Release Date: March 22, 2013
Publisher (Developer): Analgesic Productions LLC. (Analgesic Productions LLC.)
ESRB Rating: Not Rated
Anodyne. It’s a strange name to give a game, but it reflects exactly what this game intends to offer. From independent game designers, Sean Hogan and Jonathan Kittaka, Anodyne is takes a surreal spin on a well established genre, but manages to make the surrealism easy to understand while still drawing you in with enough mystery to immerse you in the adventure.
Exploring the dreamscape
Anodyne has you taking the role of a man named Young. There isn’t much we know about him, other than you’re exploring his subconscious while he’s dreaming. The unnamed land is populated with wide open wilderness, urban areas, as well as some simple dungeons to work your way through. While, it may seem like you’re lost in an aimless dreamscape, Young still has an objective to accomplish. It is your job to protect something called the Briar from the enclosing “darkness”. Exploring different dungeons and finding nifty cards to open new passage move you forward to protect the Briar and save the land.
Anodyne often takes the usual RPG tropes and skewers them brilliantly, with one instance featuring a man dressed in a Link outfit slicing bushes in search of money. As expected from the games odd attitude, even fighting is quite strange. You don’t have a mighty sword, but instead you’ll be wielding, well, a broom. It isn’t a disappointing weapon at all and fits right in with the surreal setting. And, yes you can still upgrade your weapons… broom… as you move forward.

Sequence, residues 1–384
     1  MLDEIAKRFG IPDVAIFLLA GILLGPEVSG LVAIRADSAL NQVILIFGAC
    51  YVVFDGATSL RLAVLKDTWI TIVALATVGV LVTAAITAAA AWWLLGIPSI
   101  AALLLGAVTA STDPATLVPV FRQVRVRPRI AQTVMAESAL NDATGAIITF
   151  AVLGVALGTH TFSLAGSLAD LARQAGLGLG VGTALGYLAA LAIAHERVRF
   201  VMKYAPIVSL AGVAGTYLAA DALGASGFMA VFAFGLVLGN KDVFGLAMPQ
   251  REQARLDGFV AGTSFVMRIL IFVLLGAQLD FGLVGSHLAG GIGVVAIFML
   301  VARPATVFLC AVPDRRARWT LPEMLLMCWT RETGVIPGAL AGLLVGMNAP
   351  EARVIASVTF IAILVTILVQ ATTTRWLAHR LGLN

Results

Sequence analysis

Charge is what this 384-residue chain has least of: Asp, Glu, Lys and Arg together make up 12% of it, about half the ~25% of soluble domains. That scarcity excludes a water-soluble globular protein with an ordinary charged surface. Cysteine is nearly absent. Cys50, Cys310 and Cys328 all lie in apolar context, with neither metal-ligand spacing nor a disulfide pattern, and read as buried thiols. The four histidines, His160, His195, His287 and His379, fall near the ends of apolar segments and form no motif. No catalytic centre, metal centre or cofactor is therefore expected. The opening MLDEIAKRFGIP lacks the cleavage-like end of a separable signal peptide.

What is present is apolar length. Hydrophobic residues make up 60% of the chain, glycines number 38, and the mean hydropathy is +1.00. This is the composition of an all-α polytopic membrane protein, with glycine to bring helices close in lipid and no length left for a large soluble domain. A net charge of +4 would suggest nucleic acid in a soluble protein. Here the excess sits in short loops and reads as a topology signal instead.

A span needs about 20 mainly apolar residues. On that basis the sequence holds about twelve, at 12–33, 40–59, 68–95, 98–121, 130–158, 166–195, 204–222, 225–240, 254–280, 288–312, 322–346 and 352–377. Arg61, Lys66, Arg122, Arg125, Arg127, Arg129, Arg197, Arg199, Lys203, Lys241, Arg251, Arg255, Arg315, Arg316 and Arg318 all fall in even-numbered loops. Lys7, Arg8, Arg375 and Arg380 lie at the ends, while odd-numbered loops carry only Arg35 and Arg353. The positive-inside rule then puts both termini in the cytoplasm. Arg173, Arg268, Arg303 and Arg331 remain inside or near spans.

Could this be any more mysterious and surreal adventure?
This surreal world and Young’s very odd adventure are what make Anodyne. As you explore the world, things shift very quickly from vastly different settings, much like a real dream. The world may lack villages and a large host of NPCs, but it still manages to deliver a large variety of locals for you to explore in 16-bit beauty.
Anodyne further pulls you in with its eerie and ethereal soundtrack. The light airy piano along with the chimes and pings of 16-bit era games gives off a relaxing feeling despite the dangerous enemies and situations. It leaves you wondering, feeling and questioning everything. Indeed, Anodyne‘s story itself leaves things open for interpretation. It’s well established early on you are exploring the subconscious of Young while he sleeps, but it becomes more about understanding his dream and what is happening in it, than the task at hand.
Strange happenings occur as you move forward through Young’s mind. A shadowy figure appears constantly, always walking away. It’s clear this could be someone important to him. Did this person pass away? Maybe this person left Young’s life more peacefully, but still remains on his mind. These moments halt the relaxing and awe-inspiring moments, and gave me the sense that not all is right with Young in the real world. I was also disturbed by an instance where I had to shove a fisherman into the water to open up the second dungeon. That one action changed the tone from lighthearted to dreadful.
The game’s title should leave players questioning the nature of his dream as well. Anodyne is also defined as a painkilling chemical, very similar to opiates such as heroin or opium. Is this sleep and dream also, drug induced or is he experiencing normal sleep? Even with all of these mysteries going on it is what drives the story forward, making you want to play to the end in order to uncover the answers to these mysteries.
The only problem I had with Anodyne was its inconsistent challenge. Enemies and puzzles can often be brutal, yet boss battles are incredibly easy at times. I would have liked to see more challenging boss and have the enemy and puzzle difficulties gauged a little bit better.
Abstract, but accessible
Anodyne won me over with its strange atmosphere, fun action RPG gameplay and its surreal world and atmosphere. Its ability to confuse you and make you think hard about what is happening to Young and what exactly his dream means, leads you to dig deeper into his dream world to solve the mysteries. The originality, as well as its ability to make fun of RPG clichés will keep you involved despite some the odd difficulty settings. If you like strange and trippy this game is for you and even if you don’t the game’s abstract themes are easy enough to understand you’ll fall in love with it too.